Thailand is an easy country to love. A popular part of that land is Phuket and there is more to that region than just its glorious beaches. Any visitor would miss so much if they didn’t take a little time and a little tour. A half-day Phuket City excursion will show another and more traditional face of Phuket.
Downtown Market is a must-visit for any food-loving visitor. It is one of the oldest fresh markets in Phuket and usually open all day and every day. One finds it off the Ranong Road, diagonally opposite Talad Sod Satarana. It is all here in this quintessential Thai market: Asian vegetables, meat, fresh fish and seafood, and exotic fruits. There are also bags and bottles of local condiments and sauces, as well as ready-made dishes. The lemongrass can be seen in huge bundles of metre-long stalks! Bananas come in every size and colour. Dried fish is gift-wrapped.
Sang Tham Shrine
This is a beautiful old Chinese shrine, but easily missed. It was built over a hundred years ago in 1891. It is found in a narrow lane on Phang Nga Road, and was built to house deities who were worshipped by families of men who had originally been immigrants from China. Colourful and dramatic, it offers great photo opportunities to respectful tourists – remember this is, after all, a place of worship, and was here a long time before anyone invented an iPhone camera. The architecture of the shrine is in traditional Chinese style, with the dragons and dolls that were popular as decorations in Hokkien Province. This extravagant building is well worth a visit.
This is perhaps the most famous temple in Phuket and is popular with local Buddhists as well as tourists from around the globe. Here one finds a statue of Luangpho Chaem, who helped the people of Phuket put down the Ang-yee or Chinese Coolie Rebellion in 1876. He is still so revered that visitors continue to ‘rent’ amulets bearing his likeness to bring luck, safety and good health.
The temple buildings are magnificent and just what one would hope to find when visiting Phuket. The craftsmanship and attention to detail is wonderful. There is a tower in which fire crackers are lit. The sound of these loud explosions reverberates throughout the site. Another part of the intriguing theatre is quieter: watching the devotees apply real gold leaf to stone effigies, and offering lengths of cloth and lotus flowers. It is worth taking a little time to sit silently, and reflect.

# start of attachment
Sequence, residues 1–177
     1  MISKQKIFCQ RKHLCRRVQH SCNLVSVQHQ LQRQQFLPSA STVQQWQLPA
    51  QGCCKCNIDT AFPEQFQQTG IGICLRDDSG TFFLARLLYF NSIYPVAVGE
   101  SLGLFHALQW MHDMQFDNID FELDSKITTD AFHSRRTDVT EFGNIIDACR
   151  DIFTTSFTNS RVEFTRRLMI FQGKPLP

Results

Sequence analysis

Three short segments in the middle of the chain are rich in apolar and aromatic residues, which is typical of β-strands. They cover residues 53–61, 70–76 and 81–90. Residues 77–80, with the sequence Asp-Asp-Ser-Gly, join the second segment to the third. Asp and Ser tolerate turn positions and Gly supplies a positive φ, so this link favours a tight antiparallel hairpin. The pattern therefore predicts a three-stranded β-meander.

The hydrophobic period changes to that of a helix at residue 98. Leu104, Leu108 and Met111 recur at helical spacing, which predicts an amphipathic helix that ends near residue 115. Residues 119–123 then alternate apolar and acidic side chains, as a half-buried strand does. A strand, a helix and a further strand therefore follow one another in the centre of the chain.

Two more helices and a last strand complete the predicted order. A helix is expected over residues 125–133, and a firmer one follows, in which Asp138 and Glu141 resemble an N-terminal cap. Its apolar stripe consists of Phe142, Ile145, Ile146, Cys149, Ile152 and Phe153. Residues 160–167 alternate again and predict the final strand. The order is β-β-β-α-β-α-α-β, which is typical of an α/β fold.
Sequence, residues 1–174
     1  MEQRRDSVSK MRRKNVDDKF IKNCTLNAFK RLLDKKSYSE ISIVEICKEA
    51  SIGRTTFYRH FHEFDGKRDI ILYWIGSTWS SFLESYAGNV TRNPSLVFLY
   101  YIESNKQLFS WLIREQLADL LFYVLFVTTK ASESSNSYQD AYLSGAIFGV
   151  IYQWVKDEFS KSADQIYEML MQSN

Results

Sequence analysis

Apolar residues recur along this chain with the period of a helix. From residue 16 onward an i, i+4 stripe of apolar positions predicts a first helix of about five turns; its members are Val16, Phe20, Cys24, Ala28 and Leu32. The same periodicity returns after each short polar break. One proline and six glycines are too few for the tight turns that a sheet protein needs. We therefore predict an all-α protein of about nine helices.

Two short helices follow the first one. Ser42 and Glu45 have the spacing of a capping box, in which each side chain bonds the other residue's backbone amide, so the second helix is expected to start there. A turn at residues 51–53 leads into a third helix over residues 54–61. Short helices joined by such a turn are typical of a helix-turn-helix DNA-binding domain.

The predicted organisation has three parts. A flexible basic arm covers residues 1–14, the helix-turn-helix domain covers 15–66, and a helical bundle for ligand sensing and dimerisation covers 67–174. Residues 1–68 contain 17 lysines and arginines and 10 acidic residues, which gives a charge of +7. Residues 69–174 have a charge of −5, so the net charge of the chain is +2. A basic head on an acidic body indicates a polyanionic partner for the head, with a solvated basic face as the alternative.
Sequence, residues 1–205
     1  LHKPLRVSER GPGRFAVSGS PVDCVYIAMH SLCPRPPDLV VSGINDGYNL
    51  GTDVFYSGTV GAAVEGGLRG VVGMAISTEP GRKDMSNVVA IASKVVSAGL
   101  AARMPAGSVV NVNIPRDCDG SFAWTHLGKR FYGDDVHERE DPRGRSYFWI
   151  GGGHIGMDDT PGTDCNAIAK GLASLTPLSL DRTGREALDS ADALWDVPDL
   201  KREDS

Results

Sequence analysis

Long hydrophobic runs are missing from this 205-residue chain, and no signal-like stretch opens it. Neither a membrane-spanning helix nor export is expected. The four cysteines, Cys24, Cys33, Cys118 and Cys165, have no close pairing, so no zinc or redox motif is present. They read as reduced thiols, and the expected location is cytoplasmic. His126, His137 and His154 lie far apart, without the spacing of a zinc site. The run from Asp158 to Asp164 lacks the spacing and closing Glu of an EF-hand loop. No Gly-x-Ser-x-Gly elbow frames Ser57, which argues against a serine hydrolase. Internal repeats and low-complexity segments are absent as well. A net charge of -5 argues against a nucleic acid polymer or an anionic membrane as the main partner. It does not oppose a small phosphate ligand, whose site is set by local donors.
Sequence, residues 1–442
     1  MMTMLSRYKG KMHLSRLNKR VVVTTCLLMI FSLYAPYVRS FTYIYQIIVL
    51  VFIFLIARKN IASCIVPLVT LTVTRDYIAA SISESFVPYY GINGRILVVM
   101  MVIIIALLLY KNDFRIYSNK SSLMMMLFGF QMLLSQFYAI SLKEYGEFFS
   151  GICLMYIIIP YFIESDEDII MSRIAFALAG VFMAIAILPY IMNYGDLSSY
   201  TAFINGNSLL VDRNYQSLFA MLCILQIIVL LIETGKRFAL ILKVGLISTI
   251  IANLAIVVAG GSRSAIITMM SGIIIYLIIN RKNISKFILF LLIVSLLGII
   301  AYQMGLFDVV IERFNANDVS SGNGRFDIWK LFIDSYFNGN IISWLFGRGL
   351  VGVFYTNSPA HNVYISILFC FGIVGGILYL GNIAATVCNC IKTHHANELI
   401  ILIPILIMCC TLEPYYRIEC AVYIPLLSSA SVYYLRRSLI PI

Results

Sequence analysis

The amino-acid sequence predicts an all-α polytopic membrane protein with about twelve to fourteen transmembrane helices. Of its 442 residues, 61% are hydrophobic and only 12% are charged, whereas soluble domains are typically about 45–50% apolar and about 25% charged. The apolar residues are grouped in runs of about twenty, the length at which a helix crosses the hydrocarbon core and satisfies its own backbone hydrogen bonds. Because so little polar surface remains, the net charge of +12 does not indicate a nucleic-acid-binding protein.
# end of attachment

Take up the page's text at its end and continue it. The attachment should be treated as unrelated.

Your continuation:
Big Buddha is, unsurprisingly, the largest Buddha on Phuket island, being 25 metres wide and 45 metres tall. The temple is indeed an impressive landmark, and can be seen for miles around. Thousands of small white marble tiles cover the huge figure. One can purchase these tiles to help support this project. One can write a message on the back of a tile which will soon become part of the fabric of this statue. One finds trees covered with metal leaves also bearing messages and wishes, and one can make donations by leaving coins in monks’ bowls.
Lock Tien, Phuket’s local food centre, shouldn’t be missed. It is a chance for visitors to enjoy a restaurant frequented by locals, and that is always an indication of quality and authenticity of dishes. I could happily eat my way through everything on the bi-lingual menu here …and I almost did!
Loba is made from the pig’s head, ears, tongue and intestines, simmered in aromatic Chinese five-spice and soy sauce. It might sound challenging, but it really is a delicious plate that does not taste one bit offally. This dish comes with deep-fried tofu and pork belly and Chinese sausages, along with a tangy tamarind-chilli dipping sauce.
Por Pia Sod is spring roll and they make it fresh here. This one comes with a spicy or mild sauce. Order the spicy version, as it is for which to die. These spring rolls are a speciality here. A large portion of this alone constitutes a satisfying meal …but it would be a shame to miss some other flavoursome menu items.
Oh Aew is a chilly show-stopper. This icy dessert is made on an ancient ice-shaving machine at the front of the food court. The confection is a sizable bowl of ice, jelly and fruit with a syrup poured over the snowy peak. What could be more welcome at the end of a well-flavoured meal of gargantuan proportions? Great value for money, too.
Phuket Sunday Walking Street Market (Lard Yai) in Old Phuket Town should be on every visitor’s itinerary. This colourful weekly market is held on the architecturally fascinating Thalang Road, in the centre of the historical Sino-Portuguese district. One will discover typical southern Thai food specialities that include cookies, pastries, fried foods and hot dishes. The aromas are mouth-watering. It would be totally impossible to stroll through this vibrant and lively street without tasting a little something here, a nibble of a small savoury there, perhaps a plate of steaming noodles on the left, and some fish on the right. ‘Come hungry’ would be my sage advice!
Here’s a video of the Sunday evening Walking Market in Phuket Town.
This weekly event is every Sunday from 4.00 pm – 10.00 pm.
Outrigger Laguna Phuket Beach Resort
Laguna Phuket 323 Moo 2
Cherngtalay, Thalang, Bangtao Bay,
Phone: +66 (0) 76-360-600
F: +66 (0) 76-360-670